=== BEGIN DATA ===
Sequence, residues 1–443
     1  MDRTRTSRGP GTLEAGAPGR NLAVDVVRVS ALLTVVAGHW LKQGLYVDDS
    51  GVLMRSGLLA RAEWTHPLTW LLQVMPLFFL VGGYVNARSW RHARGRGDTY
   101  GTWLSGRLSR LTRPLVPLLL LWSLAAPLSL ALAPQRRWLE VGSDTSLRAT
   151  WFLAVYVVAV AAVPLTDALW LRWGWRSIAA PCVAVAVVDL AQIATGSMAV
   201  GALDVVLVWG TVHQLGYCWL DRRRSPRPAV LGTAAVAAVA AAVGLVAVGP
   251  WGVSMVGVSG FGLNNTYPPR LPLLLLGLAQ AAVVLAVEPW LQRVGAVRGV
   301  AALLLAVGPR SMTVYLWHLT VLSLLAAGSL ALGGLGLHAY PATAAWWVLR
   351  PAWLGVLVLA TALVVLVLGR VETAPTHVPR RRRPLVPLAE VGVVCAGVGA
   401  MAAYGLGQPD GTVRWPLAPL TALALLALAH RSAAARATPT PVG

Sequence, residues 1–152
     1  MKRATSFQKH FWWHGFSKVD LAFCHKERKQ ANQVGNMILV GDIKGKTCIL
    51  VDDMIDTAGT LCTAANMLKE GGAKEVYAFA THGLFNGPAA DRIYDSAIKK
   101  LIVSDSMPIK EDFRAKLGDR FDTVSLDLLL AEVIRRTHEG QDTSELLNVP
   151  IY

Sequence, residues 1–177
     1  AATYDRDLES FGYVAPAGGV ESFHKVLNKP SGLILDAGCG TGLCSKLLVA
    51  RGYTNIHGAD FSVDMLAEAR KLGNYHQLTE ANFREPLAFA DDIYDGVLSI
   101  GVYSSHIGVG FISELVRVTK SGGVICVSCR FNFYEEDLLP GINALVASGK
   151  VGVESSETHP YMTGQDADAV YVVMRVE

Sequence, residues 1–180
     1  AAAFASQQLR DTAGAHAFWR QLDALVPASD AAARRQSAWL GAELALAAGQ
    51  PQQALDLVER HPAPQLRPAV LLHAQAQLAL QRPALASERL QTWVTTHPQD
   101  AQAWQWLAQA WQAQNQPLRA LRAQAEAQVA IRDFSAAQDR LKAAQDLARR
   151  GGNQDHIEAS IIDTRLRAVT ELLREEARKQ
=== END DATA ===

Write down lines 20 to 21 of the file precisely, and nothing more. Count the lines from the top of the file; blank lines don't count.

   151  VGVESSETHP YMTGQDADAV YVVMRVE

Sequence, residues 1–180